“There must be a reason”


Braverman’s language, says Zosseder, “is what’s causing people to think it’s OK to do what they’re doing, to spray swastikas on bus stops.”

What Braverman and other politicians do, that’s otherization, a term apparently first used by Oxford neuroscientist Kathleen Taylor, for example in her 2009 book “Cruelty. Human evil and the human brain.” People also often call it “othering”.

…even mild otherization primes people for aggression”

– Kathleen Taylor

Talking about cruelty makes it easier to be cruel – unless one’s talk incurs swift punishment. Acting out the otherizing ideas, especially in a group whose members compete for status and egg each other on, can push people into extreme otherization with remarkable speed.”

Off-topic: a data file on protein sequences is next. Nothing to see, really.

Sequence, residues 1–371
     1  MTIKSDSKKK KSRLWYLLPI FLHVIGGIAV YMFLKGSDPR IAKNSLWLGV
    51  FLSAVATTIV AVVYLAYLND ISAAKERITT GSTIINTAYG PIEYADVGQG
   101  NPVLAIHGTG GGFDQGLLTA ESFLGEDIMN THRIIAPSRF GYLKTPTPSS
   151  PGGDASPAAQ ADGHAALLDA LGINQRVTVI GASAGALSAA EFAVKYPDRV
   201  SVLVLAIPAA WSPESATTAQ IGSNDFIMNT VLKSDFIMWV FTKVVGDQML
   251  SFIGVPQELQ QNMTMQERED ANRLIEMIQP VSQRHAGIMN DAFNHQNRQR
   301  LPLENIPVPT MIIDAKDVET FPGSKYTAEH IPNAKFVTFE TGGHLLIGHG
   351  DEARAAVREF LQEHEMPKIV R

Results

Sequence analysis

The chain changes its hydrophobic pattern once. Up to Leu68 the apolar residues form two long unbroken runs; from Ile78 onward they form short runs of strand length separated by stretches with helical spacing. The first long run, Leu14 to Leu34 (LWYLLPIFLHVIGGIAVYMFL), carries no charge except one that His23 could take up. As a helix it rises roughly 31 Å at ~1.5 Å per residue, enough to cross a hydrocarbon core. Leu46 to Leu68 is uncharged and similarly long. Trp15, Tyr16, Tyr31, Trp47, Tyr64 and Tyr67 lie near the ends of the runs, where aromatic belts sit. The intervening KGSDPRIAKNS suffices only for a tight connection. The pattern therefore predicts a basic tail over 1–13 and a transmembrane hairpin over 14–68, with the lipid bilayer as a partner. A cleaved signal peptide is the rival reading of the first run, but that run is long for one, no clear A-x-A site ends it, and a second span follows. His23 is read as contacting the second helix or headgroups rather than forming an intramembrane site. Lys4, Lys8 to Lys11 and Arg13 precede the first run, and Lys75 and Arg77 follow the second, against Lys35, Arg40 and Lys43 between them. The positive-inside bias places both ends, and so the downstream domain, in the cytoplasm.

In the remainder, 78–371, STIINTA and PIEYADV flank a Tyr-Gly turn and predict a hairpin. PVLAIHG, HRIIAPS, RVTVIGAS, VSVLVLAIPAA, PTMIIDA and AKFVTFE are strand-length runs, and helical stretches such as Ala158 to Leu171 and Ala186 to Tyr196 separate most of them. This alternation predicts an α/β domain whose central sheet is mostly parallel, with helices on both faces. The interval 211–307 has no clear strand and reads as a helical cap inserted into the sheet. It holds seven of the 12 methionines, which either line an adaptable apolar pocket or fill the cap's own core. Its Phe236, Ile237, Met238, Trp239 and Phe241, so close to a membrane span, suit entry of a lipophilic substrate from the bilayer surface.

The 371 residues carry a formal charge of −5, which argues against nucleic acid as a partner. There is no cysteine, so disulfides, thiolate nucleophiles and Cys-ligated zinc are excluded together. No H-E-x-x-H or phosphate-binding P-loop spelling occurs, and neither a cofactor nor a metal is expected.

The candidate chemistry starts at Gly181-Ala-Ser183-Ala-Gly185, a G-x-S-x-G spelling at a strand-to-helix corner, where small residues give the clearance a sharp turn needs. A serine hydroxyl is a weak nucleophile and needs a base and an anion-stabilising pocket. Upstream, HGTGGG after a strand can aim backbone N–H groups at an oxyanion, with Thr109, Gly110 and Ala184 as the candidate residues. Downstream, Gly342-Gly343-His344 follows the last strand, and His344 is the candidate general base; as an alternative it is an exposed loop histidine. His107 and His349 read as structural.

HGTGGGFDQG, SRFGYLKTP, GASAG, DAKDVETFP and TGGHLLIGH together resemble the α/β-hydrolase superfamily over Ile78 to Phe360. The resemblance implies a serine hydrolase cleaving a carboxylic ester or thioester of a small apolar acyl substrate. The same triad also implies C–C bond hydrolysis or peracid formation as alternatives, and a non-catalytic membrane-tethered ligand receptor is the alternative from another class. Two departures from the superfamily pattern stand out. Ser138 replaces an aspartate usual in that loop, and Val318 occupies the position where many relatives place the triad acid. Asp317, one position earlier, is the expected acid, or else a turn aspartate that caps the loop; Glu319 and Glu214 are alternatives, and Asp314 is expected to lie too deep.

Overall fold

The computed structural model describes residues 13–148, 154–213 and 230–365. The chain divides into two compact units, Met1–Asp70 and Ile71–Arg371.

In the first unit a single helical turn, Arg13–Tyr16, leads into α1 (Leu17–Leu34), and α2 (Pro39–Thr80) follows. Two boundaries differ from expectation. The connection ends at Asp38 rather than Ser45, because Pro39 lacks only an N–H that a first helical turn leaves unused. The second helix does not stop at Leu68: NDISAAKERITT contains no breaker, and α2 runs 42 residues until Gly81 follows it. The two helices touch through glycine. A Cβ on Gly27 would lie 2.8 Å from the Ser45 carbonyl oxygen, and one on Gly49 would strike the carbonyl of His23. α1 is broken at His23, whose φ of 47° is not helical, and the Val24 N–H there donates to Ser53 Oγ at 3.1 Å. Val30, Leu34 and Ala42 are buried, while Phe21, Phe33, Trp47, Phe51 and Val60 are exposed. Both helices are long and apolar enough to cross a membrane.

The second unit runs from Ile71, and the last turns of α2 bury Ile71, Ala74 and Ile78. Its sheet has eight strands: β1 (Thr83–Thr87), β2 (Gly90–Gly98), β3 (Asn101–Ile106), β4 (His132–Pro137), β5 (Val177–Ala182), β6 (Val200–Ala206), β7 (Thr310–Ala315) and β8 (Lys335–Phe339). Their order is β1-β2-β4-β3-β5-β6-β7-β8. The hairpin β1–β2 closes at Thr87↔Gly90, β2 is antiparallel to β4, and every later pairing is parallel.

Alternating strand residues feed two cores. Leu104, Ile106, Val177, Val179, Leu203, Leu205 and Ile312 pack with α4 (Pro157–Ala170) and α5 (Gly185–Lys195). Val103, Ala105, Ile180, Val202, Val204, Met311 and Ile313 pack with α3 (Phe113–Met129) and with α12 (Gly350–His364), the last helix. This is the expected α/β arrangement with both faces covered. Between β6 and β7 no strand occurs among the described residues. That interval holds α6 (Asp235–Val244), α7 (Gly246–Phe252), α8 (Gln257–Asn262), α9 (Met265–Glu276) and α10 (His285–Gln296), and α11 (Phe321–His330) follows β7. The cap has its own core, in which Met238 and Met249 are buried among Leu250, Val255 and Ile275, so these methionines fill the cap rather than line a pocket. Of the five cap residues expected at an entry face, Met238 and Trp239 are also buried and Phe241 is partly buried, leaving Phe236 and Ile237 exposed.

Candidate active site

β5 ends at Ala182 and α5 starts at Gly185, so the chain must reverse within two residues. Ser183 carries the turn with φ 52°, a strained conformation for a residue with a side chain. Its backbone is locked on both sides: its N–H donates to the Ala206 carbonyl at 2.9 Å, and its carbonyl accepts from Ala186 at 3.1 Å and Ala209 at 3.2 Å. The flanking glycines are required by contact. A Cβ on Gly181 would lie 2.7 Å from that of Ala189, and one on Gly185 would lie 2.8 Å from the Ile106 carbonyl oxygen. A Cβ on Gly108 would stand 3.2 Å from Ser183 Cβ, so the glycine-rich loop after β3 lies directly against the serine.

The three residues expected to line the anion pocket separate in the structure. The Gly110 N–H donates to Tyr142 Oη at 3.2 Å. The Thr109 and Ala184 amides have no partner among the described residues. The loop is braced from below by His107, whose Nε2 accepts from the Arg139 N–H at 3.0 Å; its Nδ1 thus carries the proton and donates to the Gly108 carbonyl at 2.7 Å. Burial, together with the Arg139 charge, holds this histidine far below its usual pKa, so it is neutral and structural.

– Kathleen Taylor

the difference between someone hurling verbal abuse at an immigrant and someone beating an immigrant to death is a difference of degree, not a difference in kind”

– Kathleen Taylor

Neuroscientist Lisa Feldman Barrett also talks about this topic in her book “Seven and a half lessons about the brain”.

A“reason why people sometimes fail to to empathize with those who look different or believe different things than they do”

may be that “it’s metabolically costly for the brain to deal with things that are hard to predict”

– Lisa Feldman Barrett

The less familiar we are with a group of people, the harder it can be to feel empathy for them. That’s why inclusivity is so important.

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